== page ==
• Willsmere Health Osteopaths

I'm too sore to exercise!

Updated: Feb 16

People often don't know where to start with getting back into exercise, or doing activities they enjoy after injury, especially if they suffer from persistent pain. The common roadblock to getting active is, "I'm too sore, or it makes me sore". While we know that acute bouts of exercise can increase pain in people with chronic pain issues, regular exercise can be a very effective treatment. Some of the science to help is below and at the bottom are some guidelines of how to start and what to aim for.


Macrophages are a specialist white blood cell that are very important in the bodies immune system. Macrophages are considered plastic in that they can be in 2 different forms based on their external environment. We are going to briefly touch on 2 types of macrophages, M1 which secrete inflammatory cytokines (proteins made by your immune system), and M2 which secrete anti-inflammatory cytokines and promote tissue repair. Inflammatory cytokines activate nociceptors (special neurons that transmit noxious/painful information to your central nervous system) and can promote pain. Whilst anti-inflammatory cytokines inhibit nociceptors and help promote analgesia (pain reduction) [1,2,3].


"In physically active animals there was an increase in the number of macrophages that expressed the M2 markers, suggesting a change in phenotype.These data together suggest that the effects of regular physical activity are to increase M2 macrophages in muscle tissue, which results in an increase in IL-10 in muscle that reduces nociceptor activity".


So what does this mean??? In summary it appears regular exercise causes your body to produce more M2 macrophages which have an anti-inflammatory and a pain reducing effect. If we sit on the couch all day , we make more M1 macrophages, which promote inflammation and pain. So if you are sore get checked out first by one of our osteopaths and then we can set you on a path back to activity and making lots more M2!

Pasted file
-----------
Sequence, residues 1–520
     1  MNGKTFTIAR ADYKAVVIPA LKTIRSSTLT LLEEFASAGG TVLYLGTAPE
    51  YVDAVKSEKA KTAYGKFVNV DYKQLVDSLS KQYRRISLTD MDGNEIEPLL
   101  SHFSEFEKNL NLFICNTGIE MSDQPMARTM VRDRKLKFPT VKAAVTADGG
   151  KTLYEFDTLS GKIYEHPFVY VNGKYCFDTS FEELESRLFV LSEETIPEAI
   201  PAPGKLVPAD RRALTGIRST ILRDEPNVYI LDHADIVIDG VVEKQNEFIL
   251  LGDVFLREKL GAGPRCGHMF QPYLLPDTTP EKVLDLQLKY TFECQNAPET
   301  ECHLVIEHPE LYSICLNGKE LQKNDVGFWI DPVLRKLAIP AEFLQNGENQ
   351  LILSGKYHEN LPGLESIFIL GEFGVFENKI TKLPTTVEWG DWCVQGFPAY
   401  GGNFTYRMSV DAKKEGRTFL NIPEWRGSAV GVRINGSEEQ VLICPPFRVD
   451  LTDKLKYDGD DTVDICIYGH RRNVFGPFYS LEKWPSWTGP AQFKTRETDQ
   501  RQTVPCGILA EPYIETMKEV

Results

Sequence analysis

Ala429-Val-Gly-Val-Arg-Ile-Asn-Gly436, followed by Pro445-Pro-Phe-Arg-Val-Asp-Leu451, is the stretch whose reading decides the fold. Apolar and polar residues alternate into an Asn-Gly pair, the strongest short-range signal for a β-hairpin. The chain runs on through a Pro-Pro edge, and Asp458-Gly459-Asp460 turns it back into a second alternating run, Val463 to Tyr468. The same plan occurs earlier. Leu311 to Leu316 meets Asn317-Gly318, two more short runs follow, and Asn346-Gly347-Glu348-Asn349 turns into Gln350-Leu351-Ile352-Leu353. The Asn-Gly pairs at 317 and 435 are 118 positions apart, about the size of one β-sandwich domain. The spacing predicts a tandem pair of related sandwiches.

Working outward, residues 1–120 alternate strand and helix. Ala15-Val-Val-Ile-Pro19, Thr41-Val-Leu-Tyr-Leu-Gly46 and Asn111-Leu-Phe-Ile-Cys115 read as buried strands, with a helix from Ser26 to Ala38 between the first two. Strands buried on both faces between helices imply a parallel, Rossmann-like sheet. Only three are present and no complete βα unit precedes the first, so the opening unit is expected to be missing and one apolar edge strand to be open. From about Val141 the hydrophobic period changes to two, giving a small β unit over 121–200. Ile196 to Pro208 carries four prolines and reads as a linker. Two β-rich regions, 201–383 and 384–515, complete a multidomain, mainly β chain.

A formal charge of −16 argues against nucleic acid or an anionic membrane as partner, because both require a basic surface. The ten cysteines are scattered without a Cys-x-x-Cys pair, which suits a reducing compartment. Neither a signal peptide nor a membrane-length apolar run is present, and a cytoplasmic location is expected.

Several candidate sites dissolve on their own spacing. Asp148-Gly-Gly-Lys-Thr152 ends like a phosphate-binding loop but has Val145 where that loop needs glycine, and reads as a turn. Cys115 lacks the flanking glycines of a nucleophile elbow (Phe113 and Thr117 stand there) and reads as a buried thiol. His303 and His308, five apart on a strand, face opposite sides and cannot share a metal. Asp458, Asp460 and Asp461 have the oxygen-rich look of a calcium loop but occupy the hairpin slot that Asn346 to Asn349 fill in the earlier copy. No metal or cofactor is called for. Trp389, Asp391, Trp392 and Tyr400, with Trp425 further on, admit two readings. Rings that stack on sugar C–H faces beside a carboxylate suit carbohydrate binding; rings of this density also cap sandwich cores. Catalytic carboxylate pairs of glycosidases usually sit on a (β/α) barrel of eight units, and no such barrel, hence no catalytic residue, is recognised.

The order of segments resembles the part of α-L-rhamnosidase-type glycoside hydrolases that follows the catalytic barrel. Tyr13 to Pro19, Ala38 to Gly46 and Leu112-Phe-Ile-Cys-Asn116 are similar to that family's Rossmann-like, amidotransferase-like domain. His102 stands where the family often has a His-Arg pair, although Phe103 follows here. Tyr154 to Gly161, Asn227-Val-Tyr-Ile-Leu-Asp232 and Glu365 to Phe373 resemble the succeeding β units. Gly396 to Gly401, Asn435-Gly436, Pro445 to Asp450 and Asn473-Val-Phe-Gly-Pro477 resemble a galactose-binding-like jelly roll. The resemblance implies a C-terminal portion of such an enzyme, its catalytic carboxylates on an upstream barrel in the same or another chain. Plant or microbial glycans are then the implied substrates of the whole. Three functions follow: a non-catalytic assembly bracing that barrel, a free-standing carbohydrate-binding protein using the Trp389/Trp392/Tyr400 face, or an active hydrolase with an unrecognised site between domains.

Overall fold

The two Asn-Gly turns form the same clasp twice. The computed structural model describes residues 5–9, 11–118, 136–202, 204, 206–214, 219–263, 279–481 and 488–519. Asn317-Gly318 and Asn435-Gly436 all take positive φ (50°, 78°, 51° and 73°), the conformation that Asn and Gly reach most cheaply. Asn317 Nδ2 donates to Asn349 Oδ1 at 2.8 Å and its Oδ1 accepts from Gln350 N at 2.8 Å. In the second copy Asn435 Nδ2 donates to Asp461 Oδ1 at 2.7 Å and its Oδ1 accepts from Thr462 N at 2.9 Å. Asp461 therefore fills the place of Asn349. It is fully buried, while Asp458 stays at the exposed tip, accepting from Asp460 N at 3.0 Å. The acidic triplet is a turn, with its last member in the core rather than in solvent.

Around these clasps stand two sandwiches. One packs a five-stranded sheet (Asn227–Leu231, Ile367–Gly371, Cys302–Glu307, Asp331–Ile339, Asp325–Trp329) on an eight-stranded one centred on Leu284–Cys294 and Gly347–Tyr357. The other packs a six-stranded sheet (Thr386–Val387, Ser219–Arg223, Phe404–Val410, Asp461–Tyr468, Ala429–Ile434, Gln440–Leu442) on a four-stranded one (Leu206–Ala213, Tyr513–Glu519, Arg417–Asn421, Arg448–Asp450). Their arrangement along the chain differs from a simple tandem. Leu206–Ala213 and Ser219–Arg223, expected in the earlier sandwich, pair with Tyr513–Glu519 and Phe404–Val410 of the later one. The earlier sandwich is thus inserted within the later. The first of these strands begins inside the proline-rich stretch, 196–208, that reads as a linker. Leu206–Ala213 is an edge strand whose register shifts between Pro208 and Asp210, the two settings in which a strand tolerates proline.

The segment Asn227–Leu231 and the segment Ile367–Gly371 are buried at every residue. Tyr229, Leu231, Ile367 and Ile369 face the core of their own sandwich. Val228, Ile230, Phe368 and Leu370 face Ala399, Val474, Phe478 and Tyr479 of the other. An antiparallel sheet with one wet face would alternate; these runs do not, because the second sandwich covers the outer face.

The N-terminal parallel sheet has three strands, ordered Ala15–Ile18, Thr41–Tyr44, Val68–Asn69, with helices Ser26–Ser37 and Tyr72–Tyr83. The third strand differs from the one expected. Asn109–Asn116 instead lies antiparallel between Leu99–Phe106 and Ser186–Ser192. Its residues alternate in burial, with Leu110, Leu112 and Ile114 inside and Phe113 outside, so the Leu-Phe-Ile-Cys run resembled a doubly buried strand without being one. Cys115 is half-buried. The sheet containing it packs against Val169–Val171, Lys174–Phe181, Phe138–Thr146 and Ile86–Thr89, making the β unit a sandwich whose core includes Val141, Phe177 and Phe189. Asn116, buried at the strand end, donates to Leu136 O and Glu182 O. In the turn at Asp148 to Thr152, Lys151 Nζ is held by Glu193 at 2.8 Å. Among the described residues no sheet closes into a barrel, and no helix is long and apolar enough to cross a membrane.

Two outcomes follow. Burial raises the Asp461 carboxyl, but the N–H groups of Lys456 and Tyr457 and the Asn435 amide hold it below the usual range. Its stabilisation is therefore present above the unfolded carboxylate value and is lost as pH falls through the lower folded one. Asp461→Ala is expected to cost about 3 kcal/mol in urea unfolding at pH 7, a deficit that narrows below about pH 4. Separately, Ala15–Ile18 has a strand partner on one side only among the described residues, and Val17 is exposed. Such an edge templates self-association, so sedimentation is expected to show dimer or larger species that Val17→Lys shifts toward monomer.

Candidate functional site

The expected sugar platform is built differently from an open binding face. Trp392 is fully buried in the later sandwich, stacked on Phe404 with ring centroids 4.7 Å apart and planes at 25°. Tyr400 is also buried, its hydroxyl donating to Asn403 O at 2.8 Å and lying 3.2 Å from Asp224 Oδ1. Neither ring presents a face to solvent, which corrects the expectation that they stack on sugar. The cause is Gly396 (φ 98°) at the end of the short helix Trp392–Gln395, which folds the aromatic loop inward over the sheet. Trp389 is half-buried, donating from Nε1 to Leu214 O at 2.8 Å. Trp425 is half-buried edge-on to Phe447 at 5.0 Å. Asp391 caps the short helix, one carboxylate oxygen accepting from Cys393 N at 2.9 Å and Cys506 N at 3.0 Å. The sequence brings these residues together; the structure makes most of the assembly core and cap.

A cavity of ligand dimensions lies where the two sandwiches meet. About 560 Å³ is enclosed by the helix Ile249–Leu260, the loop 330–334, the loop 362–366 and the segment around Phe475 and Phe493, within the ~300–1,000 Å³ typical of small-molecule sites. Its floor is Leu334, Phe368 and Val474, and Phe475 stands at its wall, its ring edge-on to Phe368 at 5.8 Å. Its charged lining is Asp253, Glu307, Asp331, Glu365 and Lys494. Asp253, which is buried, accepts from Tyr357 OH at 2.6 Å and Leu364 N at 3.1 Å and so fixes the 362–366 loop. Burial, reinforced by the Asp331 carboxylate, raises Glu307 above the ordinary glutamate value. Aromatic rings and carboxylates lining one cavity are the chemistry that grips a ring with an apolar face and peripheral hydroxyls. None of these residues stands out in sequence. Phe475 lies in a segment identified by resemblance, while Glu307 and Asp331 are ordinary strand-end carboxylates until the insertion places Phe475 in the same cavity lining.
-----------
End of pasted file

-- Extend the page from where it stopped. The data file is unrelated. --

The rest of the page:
Addis, Dylan & DeBerry, Jennifer & Aggarwal, Saurabh. (2020). Chronic Pain in HIV. Molecular Pain. 16. 174480692092727. 10.1177/1744806920927276.


How Do I Start? And what should I aim for?


  1. Start slow and build up. You should eventually aim for 150-300 minutes a week (20-40 a day) of moderate exercise or 75-150 minutes of vigorous activity a week.

  2. Do some sort of resistance or weight training exercise once to twice a week.

  3. Try to do something everyday

  4. When starting resistant work for the first time use body weight supported exercises eg cycling or swimming, weight machines, instead of using free weights.

  5. Everyone starts with a lot of vigour, start slow, aim for half of the targets to begin with you have been sedentary. Increase at roughly 15% a week.

  6. Finally, preempt the inevitable drop in motivation a few months in. Have a plan in place to switch sports, train with friends or switch to a new gym.



References:

[1] Leung A, Gregory NS, Allen LA, Sluka KA. Regular physical activity prevents chronic pain by altering resident muscle macrophage phenotype and increasing IL-10 in mice. Pain 2016;157:79.

[2] Gong WY, Abdelhamid RE, Carvalho CS, Sluka KA. Resident macrophages in muscle contribute to development of hyperalgesia in a mouse model of non-inflammatory muscle pain. J Pain 2016.

[3] Sluka KA, Frey-Law L, Hoeger Bement M. Exercise-induced pain and analgesia? Underlying mechanisms and clinical translation. Pain. 2018;159 Suppl 1(Suppl 1):S91-S97. doi:10.1097/j.pain.0000000000001235


Landmark T, Romundstad PR, Borchgrevink PC, Kaasa S, Dale O. Longitudinal associations between exercise and pain in the general population–the HUNT pain study. PLoS One 2013;8(6):e65279.

Zhang R, Chomistek AK, Dimitrakoff JD et al. Physical Activity and Chronic Prostatitis/Chronic Pelvic Pain Syndrome. Med Sci Sports Exerc 2015;47:757-764.

Sluka KA, O’Donnell JM, Danielson J, Rasmussen LA. Regular physical activity prevents development of chronic pain and activation of central neurons. J Appl Physiol 2013;114(6):725-733.


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